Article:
Our winemaking is an expression of our desire to explore the microclimates and subzones of Sonoma County. Instead of working with a single site, we prefer to source fruit from a handful of vineyards throughout Sonoma County. Every vintage is, for us, a journey of discovery. Every bottling is an exploration of place.
Formerly an apple orchard, the Vineyard is located in the Green Valley subappellation of the Russian River Valley. The chilly nights and cooling afternoon fogs that characterize this subzone just north of Sebastopol make for wines with mouthwatering acidity.
Hallberg Vineyard has been a California leader in its commitment to dry farming, which not only conserves water but also results in more complex, balanced wines. Without irrigation, the vines develop deeper roots, which allow the fruit to achieve full ripeness at lower sugar levels. We find that the Pinot Noir from Hallberg Vineyard is a bright and elegant expression of the ranch’s fine, sandy, yellow loam, known as Goldridge soil.
When Fred Nunes retired from a career of piloting firefighting helicopters, he took over farming duties at his grandparents’ Russian River Valley ranch, eight miles south of Healdsburg. We are very grateful that Fred and his wife, Wendy, decided to plant Pinot Noir vines in the property’s promising silty clay loam soil.
Fred and Wendy have developed an unusual and highly effective trellis system. With its eight-foot canopy height and eight-foot-wide aisle, it maximizes sun exposure and airflow, eliminating the need for hedging. The temperate microclimate at Nunes Vineyard allows for longer hangtime, which along with the influence of the silty clay loam soil, makes for a dense, layered Pinot Noir that is also brisk with acidity.
The van der Kamp family purchased this historic 60-acre homestead on the eastern flank of Sonoma Mountain from their friends, the Cundis, in 1989 and have been farming it ever since. At 1,400 feet, this high-elevation, north-facing site on the eastern slope of Sonoma Mountain enjoys a combination of cool temperatures and bright light, making for dark, structured, intensely perfumed fruit.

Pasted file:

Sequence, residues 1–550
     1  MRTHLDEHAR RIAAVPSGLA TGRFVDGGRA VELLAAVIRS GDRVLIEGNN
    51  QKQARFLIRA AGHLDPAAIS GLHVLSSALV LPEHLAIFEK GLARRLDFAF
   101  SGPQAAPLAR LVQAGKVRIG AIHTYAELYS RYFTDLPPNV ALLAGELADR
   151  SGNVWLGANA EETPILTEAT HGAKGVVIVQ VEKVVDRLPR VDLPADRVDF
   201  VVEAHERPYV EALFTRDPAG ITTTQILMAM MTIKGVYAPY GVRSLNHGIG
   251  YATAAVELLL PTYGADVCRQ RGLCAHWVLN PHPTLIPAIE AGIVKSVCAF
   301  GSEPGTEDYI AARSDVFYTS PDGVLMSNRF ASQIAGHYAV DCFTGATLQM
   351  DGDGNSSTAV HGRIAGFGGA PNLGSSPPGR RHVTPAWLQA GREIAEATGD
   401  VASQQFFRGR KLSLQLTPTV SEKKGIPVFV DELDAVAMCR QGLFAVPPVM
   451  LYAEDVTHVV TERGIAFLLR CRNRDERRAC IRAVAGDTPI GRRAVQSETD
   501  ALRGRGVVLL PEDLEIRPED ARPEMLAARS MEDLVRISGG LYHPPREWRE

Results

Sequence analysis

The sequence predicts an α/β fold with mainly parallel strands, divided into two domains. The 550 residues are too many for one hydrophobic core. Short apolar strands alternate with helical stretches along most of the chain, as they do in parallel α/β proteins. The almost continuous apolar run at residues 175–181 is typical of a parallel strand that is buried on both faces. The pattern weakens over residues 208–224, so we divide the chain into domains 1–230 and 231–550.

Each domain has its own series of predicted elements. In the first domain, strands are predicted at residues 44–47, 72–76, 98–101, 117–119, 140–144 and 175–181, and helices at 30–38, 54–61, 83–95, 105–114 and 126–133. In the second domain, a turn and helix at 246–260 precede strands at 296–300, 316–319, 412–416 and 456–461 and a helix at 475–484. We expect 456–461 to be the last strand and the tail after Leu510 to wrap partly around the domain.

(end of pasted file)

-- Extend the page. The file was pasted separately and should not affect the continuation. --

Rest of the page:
The farm includes gardens, an orchard, and hens and chickens, but the star here is the old-vine Pinot Noir plantings in thin loam and volcanic tuff soils that date as far back as the early 1950s. The van der Kamps employ organic and biodynamic practices to grow Pinot Noir that speaks of place.
Originally part of the 1843 Tzabaco Rancho Mexican land grant, this property just west of Geyserville has been farmed by the Phillips-Schmidt family for more than 160 years. We have chosen to source our Sauvignon Blanc from this iconic Dry Creek Valley site because we love the juicy and aromatic character of the fruit. It makes an irresistibly thirst-quenching white wine that takes on a soft plushness when partially aged in neutral French oak.
We are very lucky to also have access to Chardonnay grapes grown on the adjoining home vineyard of Tzabaco Rancho owners, Brian and Janice Schmidt. Lifelong farmer Brian was a founding member of WineGrowers of the Dry Creek Valley, and Janice spent two decades working as Senior Enologist at Jordan Winery. Since 2006, Tzabaco Rancho Vineyards has been a member of the California Sustainable Winegrowing Program.
A few minutes south of Tzabaco Rancho, Mounts Vineyard sits on a knoll on the western slope of the Dry Creek Valley. It’s a simple, bare-bones, 140-acre property offering not much more than a rustic barn, breathtaking views and world-class wine grapes.
The Mounts family has been tending vines here for more than six decades and grows a range of grape varieties that includes California classics like Zinfandel and Petite Sirah as well as surprises from southern France such as Counoise and Picpoul Blanc. Mounts Zinfandel and Petite Sirah along with other Dry Creek grape varieties are a part of the popular J. Cage Craftsman’s Blend.
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